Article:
Mosul’s old town, where Islamic State’s remaining forces have dug in, is a labyrinth for both the government forces and reporters. They have to advance on foot along narrow curved streets that are heavily-mined. At the same time, they are exposed to mortar shelling and Islamic State snipers posted inside houses or on rooftops.
“Islamic State is past master at the art of targeting journalists (...) with bombs dropped from drones and with snipers at the front lines,” said Ziad Al-Ajili, the head of the Baghdad-based Journalistic Freedoms Observatory (JFO), shortly after Islamic State seized control of Mosul in June 2014.
Three years later, the figures compiled by Al-Ajili are sad. “Nine journalists have been killed in the battle for Mosul (...) and nearly 46 Iraqi and foreign journalists have been wounded,” he said. This high toll is due not due solely to the ferocity of the fighting but also, in his view, to the lack of protective equipment for journalists, their lack of experience in covering this kind of war, and the lack of prior training.
Laurence Geai, a freelance photographer who has been covering the battle for Mosul for Le Monde and who is there right now, is conscious of all these dangers. “You have to watch out for the mortars, the snipers and the mines,” she said. Covering the fighting in the old town in the coming weeks will be even tougher for journalists, “because that’s where the heart of Islamic State is located,” she added.
This is going to be “a terrible battle,” said Frédéric Lafargue, a freelance photographer who has worked often in Iraq since the First Gulf War in 1991 and who covered the start of the battle for Mosul for Paris Match.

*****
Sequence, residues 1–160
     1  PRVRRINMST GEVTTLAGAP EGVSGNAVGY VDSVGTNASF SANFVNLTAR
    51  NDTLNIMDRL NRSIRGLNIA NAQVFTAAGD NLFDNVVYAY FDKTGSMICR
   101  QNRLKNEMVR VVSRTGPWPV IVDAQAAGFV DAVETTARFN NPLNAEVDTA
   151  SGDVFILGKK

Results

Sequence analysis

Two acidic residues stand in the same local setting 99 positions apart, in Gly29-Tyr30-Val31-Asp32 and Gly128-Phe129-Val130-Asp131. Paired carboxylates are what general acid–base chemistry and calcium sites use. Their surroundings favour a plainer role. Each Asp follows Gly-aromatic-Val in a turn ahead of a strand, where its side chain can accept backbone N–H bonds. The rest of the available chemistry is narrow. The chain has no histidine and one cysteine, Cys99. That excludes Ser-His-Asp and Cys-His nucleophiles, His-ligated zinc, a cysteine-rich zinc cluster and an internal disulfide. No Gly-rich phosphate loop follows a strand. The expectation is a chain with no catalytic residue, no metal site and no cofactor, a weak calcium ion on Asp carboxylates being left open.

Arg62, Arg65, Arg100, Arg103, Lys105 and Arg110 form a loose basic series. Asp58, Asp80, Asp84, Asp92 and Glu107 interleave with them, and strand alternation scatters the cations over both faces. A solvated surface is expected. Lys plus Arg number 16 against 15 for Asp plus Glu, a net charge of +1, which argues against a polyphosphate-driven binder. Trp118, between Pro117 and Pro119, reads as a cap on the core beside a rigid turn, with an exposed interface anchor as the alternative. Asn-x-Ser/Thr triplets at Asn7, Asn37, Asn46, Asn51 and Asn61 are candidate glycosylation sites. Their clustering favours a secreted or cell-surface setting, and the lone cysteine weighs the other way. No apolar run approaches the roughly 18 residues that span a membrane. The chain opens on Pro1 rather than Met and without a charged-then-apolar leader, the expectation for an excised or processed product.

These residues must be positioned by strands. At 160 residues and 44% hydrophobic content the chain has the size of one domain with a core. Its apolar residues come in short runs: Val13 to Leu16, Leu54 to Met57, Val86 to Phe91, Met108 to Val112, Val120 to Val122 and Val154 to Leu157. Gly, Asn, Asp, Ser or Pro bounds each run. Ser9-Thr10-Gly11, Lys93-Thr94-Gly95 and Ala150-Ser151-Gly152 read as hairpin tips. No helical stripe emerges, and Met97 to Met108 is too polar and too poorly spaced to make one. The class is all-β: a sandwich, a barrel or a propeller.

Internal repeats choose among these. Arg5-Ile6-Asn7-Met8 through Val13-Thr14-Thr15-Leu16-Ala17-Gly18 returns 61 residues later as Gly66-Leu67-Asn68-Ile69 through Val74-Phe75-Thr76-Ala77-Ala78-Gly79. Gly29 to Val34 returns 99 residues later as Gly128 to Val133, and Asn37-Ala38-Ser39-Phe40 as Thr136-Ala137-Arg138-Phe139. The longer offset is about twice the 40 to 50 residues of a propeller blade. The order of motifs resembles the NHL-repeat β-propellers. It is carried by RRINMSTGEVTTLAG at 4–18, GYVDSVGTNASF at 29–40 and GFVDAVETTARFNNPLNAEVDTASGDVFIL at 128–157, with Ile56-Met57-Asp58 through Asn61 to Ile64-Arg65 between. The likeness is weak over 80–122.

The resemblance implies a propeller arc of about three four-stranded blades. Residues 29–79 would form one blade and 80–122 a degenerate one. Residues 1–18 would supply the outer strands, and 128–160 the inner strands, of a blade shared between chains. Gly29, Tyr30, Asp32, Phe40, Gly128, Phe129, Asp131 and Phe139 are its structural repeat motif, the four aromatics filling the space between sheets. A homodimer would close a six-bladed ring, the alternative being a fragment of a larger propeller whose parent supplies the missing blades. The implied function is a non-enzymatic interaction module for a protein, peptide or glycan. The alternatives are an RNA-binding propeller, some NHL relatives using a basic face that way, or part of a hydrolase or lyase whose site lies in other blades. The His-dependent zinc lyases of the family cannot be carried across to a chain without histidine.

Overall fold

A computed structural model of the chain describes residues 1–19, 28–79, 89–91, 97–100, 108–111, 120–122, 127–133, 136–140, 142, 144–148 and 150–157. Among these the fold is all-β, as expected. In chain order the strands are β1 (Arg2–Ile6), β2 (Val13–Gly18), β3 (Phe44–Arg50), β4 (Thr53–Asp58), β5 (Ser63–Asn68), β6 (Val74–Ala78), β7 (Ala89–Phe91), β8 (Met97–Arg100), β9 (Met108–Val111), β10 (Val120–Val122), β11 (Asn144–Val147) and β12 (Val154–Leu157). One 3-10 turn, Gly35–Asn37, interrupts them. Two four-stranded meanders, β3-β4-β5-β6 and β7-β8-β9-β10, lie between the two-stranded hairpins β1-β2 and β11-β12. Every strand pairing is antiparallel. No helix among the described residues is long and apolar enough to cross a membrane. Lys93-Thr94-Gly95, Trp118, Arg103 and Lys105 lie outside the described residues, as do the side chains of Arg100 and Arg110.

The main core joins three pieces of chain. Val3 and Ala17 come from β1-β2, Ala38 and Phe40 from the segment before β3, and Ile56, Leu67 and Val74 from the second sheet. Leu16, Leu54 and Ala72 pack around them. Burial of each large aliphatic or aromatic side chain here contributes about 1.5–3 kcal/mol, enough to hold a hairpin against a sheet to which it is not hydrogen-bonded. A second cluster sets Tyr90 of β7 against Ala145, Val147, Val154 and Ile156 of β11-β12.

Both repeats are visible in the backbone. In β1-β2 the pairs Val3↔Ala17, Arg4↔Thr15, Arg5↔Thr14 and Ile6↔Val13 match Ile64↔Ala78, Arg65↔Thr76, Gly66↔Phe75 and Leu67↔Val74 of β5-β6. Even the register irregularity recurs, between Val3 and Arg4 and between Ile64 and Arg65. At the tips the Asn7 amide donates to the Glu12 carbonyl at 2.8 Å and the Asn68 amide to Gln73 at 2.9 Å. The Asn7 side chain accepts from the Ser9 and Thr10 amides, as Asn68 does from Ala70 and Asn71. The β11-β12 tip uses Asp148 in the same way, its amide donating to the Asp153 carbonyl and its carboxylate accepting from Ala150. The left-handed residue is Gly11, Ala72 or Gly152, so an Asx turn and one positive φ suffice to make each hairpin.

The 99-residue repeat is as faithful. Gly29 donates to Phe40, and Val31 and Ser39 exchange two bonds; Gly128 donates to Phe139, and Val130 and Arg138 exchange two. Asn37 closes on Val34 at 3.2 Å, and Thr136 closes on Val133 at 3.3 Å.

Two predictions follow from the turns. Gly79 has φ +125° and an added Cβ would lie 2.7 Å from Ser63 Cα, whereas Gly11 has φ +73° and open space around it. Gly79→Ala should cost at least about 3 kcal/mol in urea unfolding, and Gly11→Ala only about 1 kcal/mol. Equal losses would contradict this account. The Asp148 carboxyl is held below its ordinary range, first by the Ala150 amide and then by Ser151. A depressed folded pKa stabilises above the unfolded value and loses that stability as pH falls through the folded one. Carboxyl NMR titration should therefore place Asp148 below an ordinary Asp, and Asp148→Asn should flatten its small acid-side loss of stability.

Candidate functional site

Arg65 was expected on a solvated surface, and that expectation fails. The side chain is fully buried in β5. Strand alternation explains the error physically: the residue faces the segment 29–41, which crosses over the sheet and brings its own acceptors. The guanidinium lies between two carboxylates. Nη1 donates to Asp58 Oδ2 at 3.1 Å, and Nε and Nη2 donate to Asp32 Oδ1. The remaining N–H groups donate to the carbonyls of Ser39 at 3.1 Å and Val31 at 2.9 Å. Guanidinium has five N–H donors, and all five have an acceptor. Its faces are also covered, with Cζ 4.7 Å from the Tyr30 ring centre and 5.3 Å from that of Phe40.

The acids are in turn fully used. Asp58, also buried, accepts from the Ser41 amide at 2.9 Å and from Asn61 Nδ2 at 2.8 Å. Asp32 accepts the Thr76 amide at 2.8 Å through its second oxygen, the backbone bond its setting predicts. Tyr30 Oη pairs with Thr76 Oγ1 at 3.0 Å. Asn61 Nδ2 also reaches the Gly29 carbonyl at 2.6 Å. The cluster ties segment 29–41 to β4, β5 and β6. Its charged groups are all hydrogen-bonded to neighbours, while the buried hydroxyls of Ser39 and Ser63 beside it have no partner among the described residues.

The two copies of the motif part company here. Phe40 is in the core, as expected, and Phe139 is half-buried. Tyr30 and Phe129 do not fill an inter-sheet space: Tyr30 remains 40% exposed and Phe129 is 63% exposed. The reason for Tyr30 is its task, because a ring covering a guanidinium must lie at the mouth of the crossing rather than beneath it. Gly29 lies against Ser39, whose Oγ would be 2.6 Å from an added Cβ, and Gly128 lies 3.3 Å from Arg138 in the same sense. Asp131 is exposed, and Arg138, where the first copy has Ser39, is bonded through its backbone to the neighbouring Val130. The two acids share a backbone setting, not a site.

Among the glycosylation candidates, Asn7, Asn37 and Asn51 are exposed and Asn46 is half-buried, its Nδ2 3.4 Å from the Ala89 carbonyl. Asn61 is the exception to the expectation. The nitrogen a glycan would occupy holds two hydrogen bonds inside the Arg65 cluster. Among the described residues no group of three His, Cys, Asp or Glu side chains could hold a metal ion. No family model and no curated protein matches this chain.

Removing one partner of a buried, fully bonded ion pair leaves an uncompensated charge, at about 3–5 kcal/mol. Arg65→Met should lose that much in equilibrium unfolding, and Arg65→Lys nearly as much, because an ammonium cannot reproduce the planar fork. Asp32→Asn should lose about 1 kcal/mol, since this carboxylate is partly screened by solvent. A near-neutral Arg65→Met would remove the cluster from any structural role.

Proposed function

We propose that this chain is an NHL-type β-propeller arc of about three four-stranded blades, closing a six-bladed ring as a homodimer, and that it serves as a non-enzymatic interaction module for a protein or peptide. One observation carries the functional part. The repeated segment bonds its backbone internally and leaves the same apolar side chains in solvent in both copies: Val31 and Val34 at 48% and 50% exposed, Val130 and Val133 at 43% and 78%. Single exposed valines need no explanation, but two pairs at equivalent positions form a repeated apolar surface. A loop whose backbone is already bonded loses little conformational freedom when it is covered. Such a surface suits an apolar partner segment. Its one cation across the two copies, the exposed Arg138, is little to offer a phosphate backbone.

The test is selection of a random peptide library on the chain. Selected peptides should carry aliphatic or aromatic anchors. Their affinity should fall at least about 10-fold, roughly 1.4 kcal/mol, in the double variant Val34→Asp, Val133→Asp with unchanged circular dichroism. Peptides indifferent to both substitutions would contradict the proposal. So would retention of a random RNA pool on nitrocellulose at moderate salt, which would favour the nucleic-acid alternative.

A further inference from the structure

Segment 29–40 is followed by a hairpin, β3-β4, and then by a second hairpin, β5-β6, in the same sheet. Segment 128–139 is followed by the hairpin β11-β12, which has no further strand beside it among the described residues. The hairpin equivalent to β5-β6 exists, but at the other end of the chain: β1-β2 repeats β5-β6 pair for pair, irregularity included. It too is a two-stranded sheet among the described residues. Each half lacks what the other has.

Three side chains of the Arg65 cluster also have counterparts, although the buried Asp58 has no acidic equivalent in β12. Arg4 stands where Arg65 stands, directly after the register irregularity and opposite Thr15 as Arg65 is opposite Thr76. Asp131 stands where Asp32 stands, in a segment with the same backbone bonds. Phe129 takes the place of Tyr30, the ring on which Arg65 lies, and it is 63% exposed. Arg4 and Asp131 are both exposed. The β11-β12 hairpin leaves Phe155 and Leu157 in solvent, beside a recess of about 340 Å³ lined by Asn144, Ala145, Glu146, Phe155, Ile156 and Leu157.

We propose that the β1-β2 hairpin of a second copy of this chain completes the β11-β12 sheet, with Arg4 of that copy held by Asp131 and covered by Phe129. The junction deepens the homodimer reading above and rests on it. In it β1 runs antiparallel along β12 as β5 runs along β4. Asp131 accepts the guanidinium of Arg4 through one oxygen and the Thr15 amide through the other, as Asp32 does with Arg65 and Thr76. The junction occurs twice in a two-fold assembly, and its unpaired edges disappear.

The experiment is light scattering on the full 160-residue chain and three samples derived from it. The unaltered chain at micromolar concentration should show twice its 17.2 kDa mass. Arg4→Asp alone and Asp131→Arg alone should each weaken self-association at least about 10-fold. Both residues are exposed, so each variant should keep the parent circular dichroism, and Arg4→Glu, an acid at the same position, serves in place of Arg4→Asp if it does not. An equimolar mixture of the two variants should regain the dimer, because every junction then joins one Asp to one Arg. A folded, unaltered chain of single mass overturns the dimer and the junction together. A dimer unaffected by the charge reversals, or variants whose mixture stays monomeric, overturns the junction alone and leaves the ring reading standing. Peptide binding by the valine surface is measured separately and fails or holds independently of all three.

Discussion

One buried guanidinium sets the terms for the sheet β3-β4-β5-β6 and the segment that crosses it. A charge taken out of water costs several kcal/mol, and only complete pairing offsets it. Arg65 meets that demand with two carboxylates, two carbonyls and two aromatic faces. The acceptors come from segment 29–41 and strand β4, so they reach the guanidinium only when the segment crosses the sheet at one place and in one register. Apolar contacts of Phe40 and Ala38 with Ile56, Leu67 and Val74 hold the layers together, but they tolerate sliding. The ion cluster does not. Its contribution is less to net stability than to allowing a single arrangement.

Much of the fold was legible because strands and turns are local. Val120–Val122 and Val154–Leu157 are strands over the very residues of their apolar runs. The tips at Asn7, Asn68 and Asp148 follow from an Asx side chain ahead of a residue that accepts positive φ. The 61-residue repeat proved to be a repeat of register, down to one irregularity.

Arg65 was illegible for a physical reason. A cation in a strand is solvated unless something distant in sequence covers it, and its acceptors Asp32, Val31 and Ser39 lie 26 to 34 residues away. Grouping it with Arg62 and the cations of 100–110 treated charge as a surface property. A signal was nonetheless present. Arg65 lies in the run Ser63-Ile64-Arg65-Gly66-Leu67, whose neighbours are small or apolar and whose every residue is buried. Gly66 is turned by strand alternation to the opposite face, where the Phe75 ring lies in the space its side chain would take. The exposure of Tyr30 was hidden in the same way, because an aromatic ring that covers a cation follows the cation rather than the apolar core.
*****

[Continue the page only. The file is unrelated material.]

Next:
“Neither side are novices, the level of commitment of both the Iraqi forces and Islamic State is very high and the nature of the terrain [the old town’s maze of alleys] is unfavourable, so covering this kind of situation necessarily entails an enormous risk,” he said.
Lafargue added: “The presence of civilians renders the equation even more difficult and then there’s the fact the Islamic State fighters may feel that this is their Fort Alamo and they there to stay and cause as much damage as possible. All this makes you think twice about going there.”
Islamic State has been holding ten Iraqi journalists and media workers captured in Mosul for nearly two years. The jihadi group seized all of the media outlets in Mosul in 2014, turning the city into a news and information black hole until the Iraqi army and its allies launched their offensive last October.
RSF and the JFO published a joint report in October 2015 about the media freedom situation in Mosul since Islamic State seized control of the city. Iraq is ranked 158th out of 180 countries in RSF’s 2017 World Press Freedom Index.
In partnership with UNESCO, RSF publishes a Safety Guide for Journalists that is available in French, English, Spanish and Arabic. Written for reporters going to dangerous regions, it offers practical advice designed to help mitigate the risks.